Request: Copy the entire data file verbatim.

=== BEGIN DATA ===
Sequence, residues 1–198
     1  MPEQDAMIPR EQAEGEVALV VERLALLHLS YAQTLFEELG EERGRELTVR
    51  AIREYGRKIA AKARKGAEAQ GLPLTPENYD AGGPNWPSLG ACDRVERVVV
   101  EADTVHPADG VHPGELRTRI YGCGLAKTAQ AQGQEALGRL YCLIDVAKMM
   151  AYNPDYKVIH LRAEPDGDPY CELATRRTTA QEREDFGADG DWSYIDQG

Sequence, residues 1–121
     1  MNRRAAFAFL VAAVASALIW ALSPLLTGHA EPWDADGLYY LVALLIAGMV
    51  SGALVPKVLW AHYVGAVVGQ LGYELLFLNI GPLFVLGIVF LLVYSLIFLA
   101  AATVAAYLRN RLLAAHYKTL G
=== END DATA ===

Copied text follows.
Sequence, residues 1–198
     1  MPEQDAMIPR EQAEGEVALV VERLALLHLS YAQTLFEELG EERGRELTVR
    51  AIREYGRKIA AKARKGAEAQ GLPLTPENYD AGGPNWPSLG ACDRVERVVV
   101  EADTVHPADG VHPGELRTRI YGCGLAKTAQ AQGQEALGRL YCLIDVAKMM
   151  AYNPDYKVIH LRAEPDGDPY CELATRRTTA QEREDFGADG DWSYIDQG

Sequence, residues 1–121
     1  MNRRAAFAFL VAAVASALIW ALSPLLTGHA EPWDADGLYY LVALLIAGMV
    51  SGALVPKVLW AHYVGAVVGQ LGYELLFLNI GPLFVLGIVF LLVYSLIFLA
   101  AATVAAYLRN RLLAAHYKTL G